California is already recognized as the beating heart of electric vehicles, and current Governor Jerry Brown wants the state to keep its leadership position.
Brown recently signed a number of bills and approved legislation aimed at getting 1 million zero-emission vehicles on the road by 2023. Arguably the most important portion is aimed at making those vehicles more affordable for lower-income people.
“We face an existential challenge with the changes in our climate,” Brown said. “The time to act is now. The place to look is California. We’re not finished, but we sure are setting the pace.”
According to the LA Times, “the legislation … directs the state Air Resources Board to draft a financial plan to meet that goal and make sure that disadvantaged communities can participate.
“The board will change its clean-vehicle rebate program to provide an extra credit for low-income drivers who wish to buy or lease an electric car. It also will provide assistance to car-sharing programs in low-income neighborhoods and install electric vehicle charging stations in apartment buildings in those communities.”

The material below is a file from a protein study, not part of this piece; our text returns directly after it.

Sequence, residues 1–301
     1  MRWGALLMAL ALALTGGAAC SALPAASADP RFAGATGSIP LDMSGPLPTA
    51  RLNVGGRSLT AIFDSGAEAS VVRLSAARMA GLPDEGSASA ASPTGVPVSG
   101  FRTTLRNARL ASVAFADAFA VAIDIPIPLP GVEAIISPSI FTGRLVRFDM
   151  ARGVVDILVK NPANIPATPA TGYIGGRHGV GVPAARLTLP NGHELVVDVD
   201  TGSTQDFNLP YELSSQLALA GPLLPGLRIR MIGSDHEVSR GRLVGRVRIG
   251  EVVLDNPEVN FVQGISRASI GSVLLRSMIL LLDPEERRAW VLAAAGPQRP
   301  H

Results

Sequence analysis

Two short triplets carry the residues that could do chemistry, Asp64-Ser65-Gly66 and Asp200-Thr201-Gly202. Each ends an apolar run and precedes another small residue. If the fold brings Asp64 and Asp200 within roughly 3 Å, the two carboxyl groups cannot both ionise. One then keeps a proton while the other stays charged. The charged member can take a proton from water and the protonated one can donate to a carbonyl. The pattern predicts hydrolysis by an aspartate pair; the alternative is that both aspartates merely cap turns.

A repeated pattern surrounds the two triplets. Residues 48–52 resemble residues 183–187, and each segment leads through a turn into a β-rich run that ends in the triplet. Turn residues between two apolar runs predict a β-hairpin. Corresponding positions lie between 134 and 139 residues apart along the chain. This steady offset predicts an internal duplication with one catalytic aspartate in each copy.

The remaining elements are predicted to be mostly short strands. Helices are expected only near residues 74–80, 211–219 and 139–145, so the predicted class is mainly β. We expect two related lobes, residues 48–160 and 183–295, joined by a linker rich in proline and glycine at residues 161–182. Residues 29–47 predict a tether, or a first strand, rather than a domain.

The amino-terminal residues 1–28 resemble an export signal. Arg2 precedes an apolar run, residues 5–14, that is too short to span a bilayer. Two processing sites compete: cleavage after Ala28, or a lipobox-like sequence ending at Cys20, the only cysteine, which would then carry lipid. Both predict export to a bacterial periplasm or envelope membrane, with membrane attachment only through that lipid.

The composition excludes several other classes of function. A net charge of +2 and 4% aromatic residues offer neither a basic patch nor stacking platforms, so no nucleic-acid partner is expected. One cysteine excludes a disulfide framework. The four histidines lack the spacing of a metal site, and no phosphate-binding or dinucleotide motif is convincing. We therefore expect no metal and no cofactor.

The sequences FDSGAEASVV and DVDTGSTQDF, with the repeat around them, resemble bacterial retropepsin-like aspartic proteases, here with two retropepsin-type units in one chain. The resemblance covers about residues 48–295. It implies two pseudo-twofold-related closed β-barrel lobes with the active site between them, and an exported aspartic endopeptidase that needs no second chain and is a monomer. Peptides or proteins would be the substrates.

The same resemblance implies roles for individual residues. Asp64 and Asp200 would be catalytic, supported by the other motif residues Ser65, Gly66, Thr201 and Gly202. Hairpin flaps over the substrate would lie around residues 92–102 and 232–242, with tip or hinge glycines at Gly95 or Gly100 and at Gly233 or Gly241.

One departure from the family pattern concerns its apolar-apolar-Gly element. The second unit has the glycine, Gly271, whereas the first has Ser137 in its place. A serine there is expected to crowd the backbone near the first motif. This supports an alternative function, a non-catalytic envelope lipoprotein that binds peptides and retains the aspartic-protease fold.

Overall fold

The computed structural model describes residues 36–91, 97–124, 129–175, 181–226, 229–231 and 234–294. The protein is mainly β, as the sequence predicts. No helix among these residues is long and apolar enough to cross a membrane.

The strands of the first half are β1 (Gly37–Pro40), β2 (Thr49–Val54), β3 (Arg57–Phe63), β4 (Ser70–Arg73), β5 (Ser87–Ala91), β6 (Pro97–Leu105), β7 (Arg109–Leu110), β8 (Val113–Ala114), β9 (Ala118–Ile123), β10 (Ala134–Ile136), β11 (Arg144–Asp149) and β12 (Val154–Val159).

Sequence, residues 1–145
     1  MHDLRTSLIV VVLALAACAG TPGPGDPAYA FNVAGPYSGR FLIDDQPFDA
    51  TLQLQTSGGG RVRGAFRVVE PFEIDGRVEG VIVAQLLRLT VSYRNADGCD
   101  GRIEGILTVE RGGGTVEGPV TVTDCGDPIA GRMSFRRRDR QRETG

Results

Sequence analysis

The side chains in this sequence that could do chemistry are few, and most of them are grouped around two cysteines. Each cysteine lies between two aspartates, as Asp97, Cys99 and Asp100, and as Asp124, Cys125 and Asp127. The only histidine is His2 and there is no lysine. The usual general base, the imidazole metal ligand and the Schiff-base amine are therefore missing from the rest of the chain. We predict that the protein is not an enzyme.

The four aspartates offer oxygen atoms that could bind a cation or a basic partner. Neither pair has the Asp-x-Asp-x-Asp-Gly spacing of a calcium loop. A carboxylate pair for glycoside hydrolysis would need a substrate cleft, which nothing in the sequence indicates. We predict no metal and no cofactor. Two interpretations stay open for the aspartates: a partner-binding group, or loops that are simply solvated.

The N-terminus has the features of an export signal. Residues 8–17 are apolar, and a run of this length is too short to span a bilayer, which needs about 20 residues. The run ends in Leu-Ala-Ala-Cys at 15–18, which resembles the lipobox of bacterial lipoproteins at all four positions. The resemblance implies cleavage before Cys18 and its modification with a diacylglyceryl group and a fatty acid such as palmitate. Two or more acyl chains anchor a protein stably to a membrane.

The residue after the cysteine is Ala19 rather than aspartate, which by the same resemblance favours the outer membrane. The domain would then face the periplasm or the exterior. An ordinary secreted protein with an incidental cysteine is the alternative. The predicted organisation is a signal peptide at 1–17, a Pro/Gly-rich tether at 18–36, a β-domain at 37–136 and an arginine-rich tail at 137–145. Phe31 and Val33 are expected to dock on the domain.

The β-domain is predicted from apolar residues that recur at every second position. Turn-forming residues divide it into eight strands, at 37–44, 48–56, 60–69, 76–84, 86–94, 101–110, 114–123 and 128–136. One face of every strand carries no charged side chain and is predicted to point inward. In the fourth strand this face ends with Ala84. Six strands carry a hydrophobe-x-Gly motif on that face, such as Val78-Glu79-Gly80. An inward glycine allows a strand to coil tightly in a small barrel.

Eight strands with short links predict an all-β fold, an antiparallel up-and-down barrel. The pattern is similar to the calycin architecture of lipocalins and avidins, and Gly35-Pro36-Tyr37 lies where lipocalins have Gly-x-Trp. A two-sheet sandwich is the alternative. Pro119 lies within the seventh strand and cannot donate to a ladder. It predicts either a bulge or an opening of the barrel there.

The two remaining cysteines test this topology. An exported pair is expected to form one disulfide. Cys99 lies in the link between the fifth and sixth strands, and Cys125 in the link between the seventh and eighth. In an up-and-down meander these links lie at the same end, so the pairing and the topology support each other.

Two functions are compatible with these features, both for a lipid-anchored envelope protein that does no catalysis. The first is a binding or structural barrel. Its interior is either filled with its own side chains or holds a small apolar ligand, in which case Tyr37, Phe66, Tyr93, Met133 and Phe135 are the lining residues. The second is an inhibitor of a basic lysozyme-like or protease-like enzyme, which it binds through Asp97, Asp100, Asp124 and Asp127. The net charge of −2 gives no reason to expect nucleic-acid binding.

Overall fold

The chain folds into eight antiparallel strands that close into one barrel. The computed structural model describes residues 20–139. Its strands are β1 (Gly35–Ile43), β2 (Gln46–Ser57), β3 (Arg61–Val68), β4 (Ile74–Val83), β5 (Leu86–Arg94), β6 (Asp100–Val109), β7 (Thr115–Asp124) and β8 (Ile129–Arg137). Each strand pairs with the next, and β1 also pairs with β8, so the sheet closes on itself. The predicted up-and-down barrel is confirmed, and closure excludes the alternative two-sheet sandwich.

Other incentives include additional rebates in a “cash-for-clunkers” style arrangement, and the legislation also increased the cap on the number of available carpool-lane stickers from 55,000 to 70,000 cars.
State Senator Kevin de León (D-Los Angeles), who sponsored part of the legislation, said, “I’m very excited that California is charging ahead with plans to have electric vehicles in every ZIP Code across the state. We’re going to lead the way in the fight against climate change by putting a million EVs on the road, which means making them affordable to all drivers, not just the wealthy.”